REGARDLESS of what occurs this week in Catalonia, the fallout between the central government and regional separatist leaders will undoubtedly lead to one of the biggest voter boycotts in the general elections.
Prime Minister Mariano Rajoy has said he hopes he doesn’t have to deal with the inflamed Catalonia situation until after the December 20 race.
But the regional parliament pushed through a debate on self rule last Monday and approved a motion to begin a secession process.
Last week, the constitutional court decided not to grant appeals filed by the Popular Party (PP), Socialists and Ciudadanos asking the court to block the debate.
Rajoy has also tried to calm the flames by agreeing to discuss constitutional reform, should he win the elections, but the PP hasn’t thrown out any proposal in that field that might look like it could cool the Catalan separatists for now.
Any new regional leader chosen in the parliamentary vote will have to deal with a heated issue that will draw in all citizens from the northeast region.
But perhaps the most damaging consequences coming out of this entire bitter confrontation will be seen at the polls next month.
There are perhaps more inactive pro-independence supporters in Catalonia than there are members of the traditional PP and Socialist parties in the region.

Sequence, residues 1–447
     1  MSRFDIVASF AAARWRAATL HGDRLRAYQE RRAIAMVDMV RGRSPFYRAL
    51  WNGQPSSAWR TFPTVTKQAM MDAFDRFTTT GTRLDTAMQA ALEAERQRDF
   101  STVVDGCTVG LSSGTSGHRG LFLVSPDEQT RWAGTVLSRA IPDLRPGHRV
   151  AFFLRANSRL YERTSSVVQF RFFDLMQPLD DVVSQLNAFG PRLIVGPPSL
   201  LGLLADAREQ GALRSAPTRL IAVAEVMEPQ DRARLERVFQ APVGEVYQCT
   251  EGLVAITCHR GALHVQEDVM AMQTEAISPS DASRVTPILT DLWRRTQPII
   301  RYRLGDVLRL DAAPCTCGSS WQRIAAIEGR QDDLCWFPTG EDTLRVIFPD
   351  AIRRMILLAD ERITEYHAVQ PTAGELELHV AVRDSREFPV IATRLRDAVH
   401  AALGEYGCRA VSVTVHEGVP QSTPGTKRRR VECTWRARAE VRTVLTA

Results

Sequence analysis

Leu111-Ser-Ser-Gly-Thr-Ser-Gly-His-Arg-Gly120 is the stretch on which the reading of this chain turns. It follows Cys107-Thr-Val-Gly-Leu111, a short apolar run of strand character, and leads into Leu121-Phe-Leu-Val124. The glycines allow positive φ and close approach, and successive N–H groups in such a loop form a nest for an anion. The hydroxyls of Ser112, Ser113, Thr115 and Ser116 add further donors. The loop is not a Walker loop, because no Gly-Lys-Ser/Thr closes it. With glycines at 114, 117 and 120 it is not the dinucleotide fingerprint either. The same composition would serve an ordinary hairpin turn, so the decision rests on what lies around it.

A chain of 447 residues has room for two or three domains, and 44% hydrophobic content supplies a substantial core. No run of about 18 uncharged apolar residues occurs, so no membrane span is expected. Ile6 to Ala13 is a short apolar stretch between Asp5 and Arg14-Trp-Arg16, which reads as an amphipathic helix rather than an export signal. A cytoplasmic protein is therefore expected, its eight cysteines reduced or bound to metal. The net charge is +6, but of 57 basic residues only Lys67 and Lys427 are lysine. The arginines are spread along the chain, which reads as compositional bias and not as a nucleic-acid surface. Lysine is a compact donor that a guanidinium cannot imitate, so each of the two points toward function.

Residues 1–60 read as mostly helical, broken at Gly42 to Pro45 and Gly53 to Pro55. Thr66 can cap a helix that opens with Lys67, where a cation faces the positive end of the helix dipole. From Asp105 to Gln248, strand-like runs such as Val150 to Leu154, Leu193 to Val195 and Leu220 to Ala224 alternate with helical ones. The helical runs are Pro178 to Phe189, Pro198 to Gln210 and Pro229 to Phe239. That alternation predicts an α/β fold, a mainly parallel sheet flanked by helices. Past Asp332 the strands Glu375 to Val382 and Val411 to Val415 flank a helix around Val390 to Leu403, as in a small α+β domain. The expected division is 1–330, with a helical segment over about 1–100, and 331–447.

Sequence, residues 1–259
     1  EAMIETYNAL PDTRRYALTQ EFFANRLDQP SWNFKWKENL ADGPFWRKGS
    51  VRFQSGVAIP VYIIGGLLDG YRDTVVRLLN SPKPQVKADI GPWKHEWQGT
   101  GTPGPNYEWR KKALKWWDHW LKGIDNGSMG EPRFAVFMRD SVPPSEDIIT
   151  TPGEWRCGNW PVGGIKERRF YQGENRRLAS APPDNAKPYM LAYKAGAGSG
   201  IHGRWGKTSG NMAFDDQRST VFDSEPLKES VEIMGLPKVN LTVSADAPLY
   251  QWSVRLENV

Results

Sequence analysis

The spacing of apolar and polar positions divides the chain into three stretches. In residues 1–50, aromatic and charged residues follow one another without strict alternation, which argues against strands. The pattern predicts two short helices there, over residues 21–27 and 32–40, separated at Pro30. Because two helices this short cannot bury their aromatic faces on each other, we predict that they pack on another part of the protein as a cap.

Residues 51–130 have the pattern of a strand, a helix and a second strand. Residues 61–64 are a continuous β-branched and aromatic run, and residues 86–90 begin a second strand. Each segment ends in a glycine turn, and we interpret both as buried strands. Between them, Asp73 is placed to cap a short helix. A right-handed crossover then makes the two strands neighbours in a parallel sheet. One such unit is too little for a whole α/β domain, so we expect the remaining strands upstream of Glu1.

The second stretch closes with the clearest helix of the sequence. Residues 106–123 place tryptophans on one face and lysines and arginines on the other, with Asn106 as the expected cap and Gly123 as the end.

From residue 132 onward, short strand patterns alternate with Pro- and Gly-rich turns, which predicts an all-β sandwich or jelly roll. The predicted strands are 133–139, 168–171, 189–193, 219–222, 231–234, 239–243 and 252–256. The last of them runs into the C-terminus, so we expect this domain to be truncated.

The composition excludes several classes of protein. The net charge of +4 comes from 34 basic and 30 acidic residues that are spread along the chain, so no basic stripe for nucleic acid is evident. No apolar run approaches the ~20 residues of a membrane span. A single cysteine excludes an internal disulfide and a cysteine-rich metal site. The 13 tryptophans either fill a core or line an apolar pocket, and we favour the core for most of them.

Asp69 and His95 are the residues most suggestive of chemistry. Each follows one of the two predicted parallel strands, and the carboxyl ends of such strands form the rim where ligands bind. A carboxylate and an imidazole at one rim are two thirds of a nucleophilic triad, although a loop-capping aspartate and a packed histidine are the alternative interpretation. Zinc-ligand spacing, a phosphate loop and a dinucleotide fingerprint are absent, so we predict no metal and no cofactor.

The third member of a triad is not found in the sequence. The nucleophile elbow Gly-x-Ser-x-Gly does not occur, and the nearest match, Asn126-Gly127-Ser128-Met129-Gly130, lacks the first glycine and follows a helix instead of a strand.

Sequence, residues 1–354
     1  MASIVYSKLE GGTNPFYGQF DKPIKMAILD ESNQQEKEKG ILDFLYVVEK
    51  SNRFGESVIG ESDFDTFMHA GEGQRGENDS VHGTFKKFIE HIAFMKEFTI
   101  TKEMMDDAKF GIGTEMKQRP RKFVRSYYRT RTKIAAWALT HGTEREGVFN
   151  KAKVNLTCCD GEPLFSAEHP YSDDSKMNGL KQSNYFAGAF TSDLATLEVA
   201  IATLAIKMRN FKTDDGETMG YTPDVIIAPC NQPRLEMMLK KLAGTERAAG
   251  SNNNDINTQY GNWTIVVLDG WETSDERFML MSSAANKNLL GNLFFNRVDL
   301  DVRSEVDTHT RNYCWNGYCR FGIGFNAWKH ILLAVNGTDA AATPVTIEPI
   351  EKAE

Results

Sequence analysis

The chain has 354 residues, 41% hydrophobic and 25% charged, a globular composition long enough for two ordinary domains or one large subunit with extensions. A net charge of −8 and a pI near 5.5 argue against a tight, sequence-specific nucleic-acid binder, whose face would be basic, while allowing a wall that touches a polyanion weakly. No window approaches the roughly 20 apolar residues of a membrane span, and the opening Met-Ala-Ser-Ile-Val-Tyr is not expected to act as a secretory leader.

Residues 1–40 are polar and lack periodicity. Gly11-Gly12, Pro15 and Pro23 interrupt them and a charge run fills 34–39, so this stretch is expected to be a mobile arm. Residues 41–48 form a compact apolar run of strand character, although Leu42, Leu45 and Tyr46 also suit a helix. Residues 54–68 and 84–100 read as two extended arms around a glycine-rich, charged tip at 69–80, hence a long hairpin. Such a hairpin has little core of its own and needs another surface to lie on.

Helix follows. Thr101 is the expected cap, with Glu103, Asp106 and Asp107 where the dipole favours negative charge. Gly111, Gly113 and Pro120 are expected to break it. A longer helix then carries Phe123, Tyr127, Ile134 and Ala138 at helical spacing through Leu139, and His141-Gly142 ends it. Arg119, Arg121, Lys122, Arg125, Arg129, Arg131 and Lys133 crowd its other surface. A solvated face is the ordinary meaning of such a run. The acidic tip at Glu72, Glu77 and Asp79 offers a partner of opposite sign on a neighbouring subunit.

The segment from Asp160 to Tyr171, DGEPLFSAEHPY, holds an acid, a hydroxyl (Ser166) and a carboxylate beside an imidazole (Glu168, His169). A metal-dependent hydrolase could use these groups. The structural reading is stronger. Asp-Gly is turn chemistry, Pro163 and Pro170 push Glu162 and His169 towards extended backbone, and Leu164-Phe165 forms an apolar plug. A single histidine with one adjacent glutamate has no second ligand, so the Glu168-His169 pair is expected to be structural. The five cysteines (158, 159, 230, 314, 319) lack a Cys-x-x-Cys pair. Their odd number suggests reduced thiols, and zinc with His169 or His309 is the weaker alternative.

And they don’t like what they see.
Many are fed up with Rajoy’s stubbornness to seek a viable solution to put an end – at least publicly – to the political crisis, and their frustrations could be registered at the polls on December 20.
A boycott – or a low voter turnout – during the general elections will do two things.
It will stir up the separatist rebellion that is getting underway and also drum up support among Catalans, who believe they have been treated – regardless of their own political stands – unfairly by the central government’s strict regional financing rules.
Even if there isn’t a low voter turnout, a message will be clearly be sent to Madrid that politics in Spain has changed for good.